Why doesn’t my form 1099-K match my sales revenue?

In some cases, the sales revenue number you have on your books won’t match your Form 1099-K. Don’t fret! Most of the time, this is based on whether you’re using the cash or accrual accounting method.

If you use the cash basis, you record sales revenue once it hits your bank account. But payment processor payouts can take multiple days to get the money in your hands.

For example, if you run an end of year sale and have a lot of sales on December 31st, the payment processor won’t deposit your money into your bank account until the next year. Using the cash basis, you won’t record the sales until the following year, but they’ll still be included on your 1099-K.

Another possible reason is if you use your payment processor for payments unrelated to your business. For example, if you have a successful ecommerce store and you have a second business for coaching other entrepreneurs, but both streams are run through the same payment processor, you’ll only receive one 1099-K.

Where can I find my 1099-K?

If your payment processor filed a 1099-K this year and you didn’t get one in the mail by January 31st, you might be able to find a PDF copy on that processor’s website. Here’s where the most popular payment processors keep your 1099-K information:


Go to your PayPal dashboard, click on ‘Activity,’ then ‘Statements,’ then ‘Tax documents.’ Select the tax year for the 1099-K in question—a 1099-K should show up if PayPal prepared one for you for that tax year.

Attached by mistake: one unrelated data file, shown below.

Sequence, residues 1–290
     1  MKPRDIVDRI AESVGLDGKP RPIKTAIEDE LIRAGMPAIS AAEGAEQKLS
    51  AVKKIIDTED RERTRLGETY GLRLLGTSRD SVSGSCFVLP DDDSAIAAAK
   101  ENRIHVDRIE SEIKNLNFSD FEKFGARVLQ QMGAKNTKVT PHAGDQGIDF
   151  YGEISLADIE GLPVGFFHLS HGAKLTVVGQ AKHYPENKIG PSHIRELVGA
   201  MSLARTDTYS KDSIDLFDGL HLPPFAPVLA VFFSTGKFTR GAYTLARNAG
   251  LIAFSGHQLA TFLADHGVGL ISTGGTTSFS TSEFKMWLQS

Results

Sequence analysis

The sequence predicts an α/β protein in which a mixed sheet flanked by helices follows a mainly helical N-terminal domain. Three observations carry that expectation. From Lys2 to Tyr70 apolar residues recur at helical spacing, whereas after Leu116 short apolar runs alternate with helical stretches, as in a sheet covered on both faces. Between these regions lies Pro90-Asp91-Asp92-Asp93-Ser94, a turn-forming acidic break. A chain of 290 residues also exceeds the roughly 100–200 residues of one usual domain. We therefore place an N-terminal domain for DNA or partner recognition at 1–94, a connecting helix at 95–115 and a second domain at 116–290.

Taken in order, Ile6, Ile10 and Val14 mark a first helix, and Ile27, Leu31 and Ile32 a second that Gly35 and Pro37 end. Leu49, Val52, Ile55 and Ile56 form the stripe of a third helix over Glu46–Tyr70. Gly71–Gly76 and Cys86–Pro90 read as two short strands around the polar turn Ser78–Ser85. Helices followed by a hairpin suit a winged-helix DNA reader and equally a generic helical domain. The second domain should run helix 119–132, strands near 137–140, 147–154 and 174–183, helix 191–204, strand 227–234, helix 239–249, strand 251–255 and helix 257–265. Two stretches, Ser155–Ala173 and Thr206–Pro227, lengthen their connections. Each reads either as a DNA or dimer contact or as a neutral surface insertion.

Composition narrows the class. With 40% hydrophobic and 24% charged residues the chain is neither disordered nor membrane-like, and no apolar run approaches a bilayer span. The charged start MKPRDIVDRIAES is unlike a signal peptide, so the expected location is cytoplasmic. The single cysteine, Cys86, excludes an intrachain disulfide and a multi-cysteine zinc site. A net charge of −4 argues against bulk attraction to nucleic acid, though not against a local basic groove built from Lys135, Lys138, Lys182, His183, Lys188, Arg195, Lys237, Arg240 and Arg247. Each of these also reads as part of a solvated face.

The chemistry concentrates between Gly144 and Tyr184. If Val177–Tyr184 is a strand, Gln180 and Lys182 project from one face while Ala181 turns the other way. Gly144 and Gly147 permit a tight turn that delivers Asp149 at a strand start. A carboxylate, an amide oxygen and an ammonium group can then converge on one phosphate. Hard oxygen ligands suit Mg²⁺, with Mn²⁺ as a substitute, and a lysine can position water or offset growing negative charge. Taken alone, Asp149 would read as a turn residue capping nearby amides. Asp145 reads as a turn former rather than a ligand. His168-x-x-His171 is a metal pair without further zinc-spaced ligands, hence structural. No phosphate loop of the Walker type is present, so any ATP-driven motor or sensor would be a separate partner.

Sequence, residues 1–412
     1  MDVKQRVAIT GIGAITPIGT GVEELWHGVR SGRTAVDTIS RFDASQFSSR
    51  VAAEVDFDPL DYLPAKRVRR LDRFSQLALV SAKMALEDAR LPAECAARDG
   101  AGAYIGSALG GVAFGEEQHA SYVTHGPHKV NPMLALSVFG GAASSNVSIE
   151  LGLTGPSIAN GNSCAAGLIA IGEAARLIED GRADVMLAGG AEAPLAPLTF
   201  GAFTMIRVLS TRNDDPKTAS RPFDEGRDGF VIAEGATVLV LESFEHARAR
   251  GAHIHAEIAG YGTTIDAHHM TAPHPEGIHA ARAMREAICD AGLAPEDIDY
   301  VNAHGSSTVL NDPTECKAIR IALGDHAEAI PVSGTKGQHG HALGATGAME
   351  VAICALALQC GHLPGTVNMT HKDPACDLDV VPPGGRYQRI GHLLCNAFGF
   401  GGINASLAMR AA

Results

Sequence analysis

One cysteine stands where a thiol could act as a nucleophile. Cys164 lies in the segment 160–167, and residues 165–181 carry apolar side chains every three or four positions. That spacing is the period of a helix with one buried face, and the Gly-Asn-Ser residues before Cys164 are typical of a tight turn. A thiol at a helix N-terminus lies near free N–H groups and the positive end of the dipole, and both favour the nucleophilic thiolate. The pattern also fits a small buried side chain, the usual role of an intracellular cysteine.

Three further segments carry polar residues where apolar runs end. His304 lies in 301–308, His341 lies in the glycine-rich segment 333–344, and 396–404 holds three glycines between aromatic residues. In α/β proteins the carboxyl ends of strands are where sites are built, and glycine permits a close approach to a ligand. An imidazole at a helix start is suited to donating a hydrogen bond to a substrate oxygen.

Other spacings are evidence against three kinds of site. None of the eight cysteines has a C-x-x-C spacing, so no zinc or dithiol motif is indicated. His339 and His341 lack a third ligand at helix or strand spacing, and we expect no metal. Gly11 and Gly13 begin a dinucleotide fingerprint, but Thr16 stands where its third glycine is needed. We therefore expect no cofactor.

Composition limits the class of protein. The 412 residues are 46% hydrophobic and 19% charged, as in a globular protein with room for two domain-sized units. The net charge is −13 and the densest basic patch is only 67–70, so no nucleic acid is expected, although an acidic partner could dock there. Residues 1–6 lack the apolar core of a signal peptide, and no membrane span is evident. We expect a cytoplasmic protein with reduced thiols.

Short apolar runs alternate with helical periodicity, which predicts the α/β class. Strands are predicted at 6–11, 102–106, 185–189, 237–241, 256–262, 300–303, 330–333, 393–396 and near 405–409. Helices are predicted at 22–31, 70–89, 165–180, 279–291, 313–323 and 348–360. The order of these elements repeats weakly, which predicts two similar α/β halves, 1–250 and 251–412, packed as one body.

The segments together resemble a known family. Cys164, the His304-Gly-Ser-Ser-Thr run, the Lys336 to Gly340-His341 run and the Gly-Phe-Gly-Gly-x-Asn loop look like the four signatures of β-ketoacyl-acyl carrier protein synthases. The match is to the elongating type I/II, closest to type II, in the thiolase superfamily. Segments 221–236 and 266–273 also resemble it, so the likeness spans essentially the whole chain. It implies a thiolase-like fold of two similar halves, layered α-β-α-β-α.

Stripe lets you export your 1099-K forms from the Documents section of your Stripe Dashboard.


You can download your 1099-K from the Tax Forms section of your Square Dashboard.


In the Shopify admin section, navigate to ‘Settings,’ then ‘Payment providers.’ In the Shopify Payments section, click ‘View payouts,’ then ‘Documents.’ Your 1099-K should be available for download in PDF form.

Amazon Payments

Go to your ‘Seller Central Account,’ click on ‘Reports,’ then ‘Tax Document Library,’ then select the tax year you want a 1099-K for.

Further reading: Bookkeeping for Amazon Sellers

The bottom line

If you’re one of the many sellers receiving an additional tax form in the mail this year due to the 1099-K threshold change, you may be concerned about how this will change your taxes. The good news is, as long as you’re keeping up-to-date books, Form 1099-K will likely just be one more form to help you fill in any missing income numbers come tax time.

This post is to be used for informational purposes only and does not constitute legal, business, or tax advice. Each person should consult his or her own attorney, business advisor, or tax advisor with respect to matters referenced in this post. Bench assumes no liability for actions taken in reliance upon the information contained herein.